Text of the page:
Full Extension: Krasner and Pollock at the Whitney

By Becca Zucker, DePauw University ’14

Being in New York makes it so easy to see lots of amazing work: Saeyeoun and I visited the Dana Schutz show at Petzel in Chelsea, the Picasso sculpture show at MoMA, and America is Hard to See at the Whitney all within one day. New York can be a tasting menu or checklist–I’ve already found myself picking and choosing the shows that I want to make time to see, and have found reward in doing so. I’ve always been responsive to seeing the work in person; at the Whitney I was particularly struck by curatorial decisions.

America is Hard to See is a confident and radical inaugural show, breaking down preconceptions I have had about the artists we see as American heroes of the modernist era and drawing attention to those (and a collection) who are well-deserved. The most poignant example I came across was finding that the loudest painting in the room showcasing paintings defining “New York, N.Y., 1955” was Lee Krasner’s 1957 The Seasons, created while she was in mourning over her husband Jackson Pollock’s tragic and iconic death in a car accident the year prior. There is, of course, a Pollock in the room–in fact, it’s making eyes at the Krasner piece from the opposite wall. Pollock’s No. 27 shares a palette of floral hues with Krasner’s pinks, greens, browns, and canvas, but are left pasty and blanched: his muted Pepto pink to her vivid, electric fuchsia-magenta, a soft ice cream paint job satiny blue-green to Krasner’s straight-from-the-tube hyper pigmented and uncompromising chrome, Pollock’s end-of-your-latte puce to Krasner’s warm burnt umber for her graphic shoulder-driven lines.

Lee Krasner, "The Seasons" (1957)
Lee Krasner, “The Seasons” (1957)

Compositionally, Krasner poses an ecosystem where densely packed biologically-driven fleshy forms alluding to peaches and lush tropical leaves are entwined by the extension of branches and bittersweet vines. She lays paint quickly and aggressively; I envision many destroyed brushes with bristles jutting at wiry angles from their handles, dripping with thinner and turpentine, splaying as they are pressed into canvas with all the strength of the upper body emerging from the shoulder. Her gestures are heroic 5-foot wingspans that consume the human viewer (we are lost in the thick of this landscape, we are transported and blanketed in it). But she is also dancing with death, the beauty and richness of life, and the ephemeral moment where we may align with something beautiful–that moment is captured in the uninterrupted moment of her painting. The structure flows and breathes into organic form, and she has seen it and presents us to her viewer, raw.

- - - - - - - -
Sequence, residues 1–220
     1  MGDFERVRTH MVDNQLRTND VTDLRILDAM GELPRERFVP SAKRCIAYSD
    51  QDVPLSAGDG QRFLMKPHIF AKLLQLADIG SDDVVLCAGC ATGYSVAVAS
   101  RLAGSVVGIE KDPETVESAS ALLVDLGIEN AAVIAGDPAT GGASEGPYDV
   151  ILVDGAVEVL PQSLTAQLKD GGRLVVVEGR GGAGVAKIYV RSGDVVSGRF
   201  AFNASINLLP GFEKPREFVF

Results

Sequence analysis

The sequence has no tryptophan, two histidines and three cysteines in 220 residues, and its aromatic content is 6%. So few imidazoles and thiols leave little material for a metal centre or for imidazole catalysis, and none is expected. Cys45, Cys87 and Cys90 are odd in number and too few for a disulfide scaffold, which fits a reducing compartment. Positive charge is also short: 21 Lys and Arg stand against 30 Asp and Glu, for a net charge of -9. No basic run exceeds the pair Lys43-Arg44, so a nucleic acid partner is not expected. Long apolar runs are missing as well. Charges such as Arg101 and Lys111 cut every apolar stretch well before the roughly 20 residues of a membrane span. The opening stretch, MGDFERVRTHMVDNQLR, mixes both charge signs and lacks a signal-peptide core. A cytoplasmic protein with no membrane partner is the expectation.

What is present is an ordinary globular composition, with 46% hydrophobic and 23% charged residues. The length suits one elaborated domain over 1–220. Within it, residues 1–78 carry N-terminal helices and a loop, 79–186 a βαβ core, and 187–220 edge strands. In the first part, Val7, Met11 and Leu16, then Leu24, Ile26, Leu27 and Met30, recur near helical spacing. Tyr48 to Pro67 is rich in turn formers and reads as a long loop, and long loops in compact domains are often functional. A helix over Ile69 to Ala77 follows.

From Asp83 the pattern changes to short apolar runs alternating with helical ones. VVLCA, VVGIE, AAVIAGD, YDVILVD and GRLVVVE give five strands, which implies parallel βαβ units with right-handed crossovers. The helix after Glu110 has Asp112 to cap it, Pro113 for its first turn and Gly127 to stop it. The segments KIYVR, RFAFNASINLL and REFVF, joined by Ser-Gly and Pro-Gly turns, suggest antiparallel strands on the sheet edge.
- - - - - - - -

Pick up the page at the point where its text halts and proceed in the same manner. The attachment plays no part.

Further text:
Pollock’s piece on display comes from the tail end of his three-year high of action paintings. The piece is rotated to form an unresolved vertical composition (the placement of the signature notes this piece was made in a horizontal orientation), making the uppermost puce forms read as some calligraphic forms rather than a divided arrangement of marks. The paint is substantial and opaque, falling heavily on the plane without the jazzy, rhythmic flicks that he is known for on his larger and more heroic canvasses. Krasner’s canvas is the hero in the room: it demands an entire movable wall, her mark-making is crude and fast; the paint is thinned to her advantage here, never questioning the vibrancy and saturation of pigment as her brush strides over canvas.

Jackson Pollock, "No. 27" (1950)
Jackson Pollock, “No. 27” (1950)

In the gallery, I flashed back to discussions of feminist methodology in an art history class I took on abstract and figurative Modernist painting, how the history we are taught prizes the male artist–especially the deified 1950s American male Abstract Expressionist. Krasner’s work has been slated as smaller, more decorative, more domestic, and more effeminate, as she resided in the smallest studio on their property, while Pollock spread his canvases over the floor of his famed home studio. The exhibition of these works proves otherwise and questions the established narrative. Contrary to myth, she maintained a studio practice, exploring her own expressionistic hand and voice and striding alongside Pollock during their relationship; the story we are taught insinuates otherwise.

Of course, the Pollock-Krasner relationship isn’t the only one broken down in this show. There is a Thomas Downing canvas that overshadows a Frank Stella, a Michelle Stuart graphite drawing that echoes the meditative moment of my personal heroine Agnes Martin’s pencil lines. Walking away from this show left me wondering about the artists I make into idols, how I view their work in terms of concise and neatly-packed monographs, and how amazing work is overshadowed in the linear model of western art history. I’m excited and grateful to be living in New York, where I’m able to engage with these shows, and especially can’t wait to see what the Whitney puts out next. I’ll be pushing myself to make more museum and gallery visits a part of my weekly routine while I have the luxury of living here.


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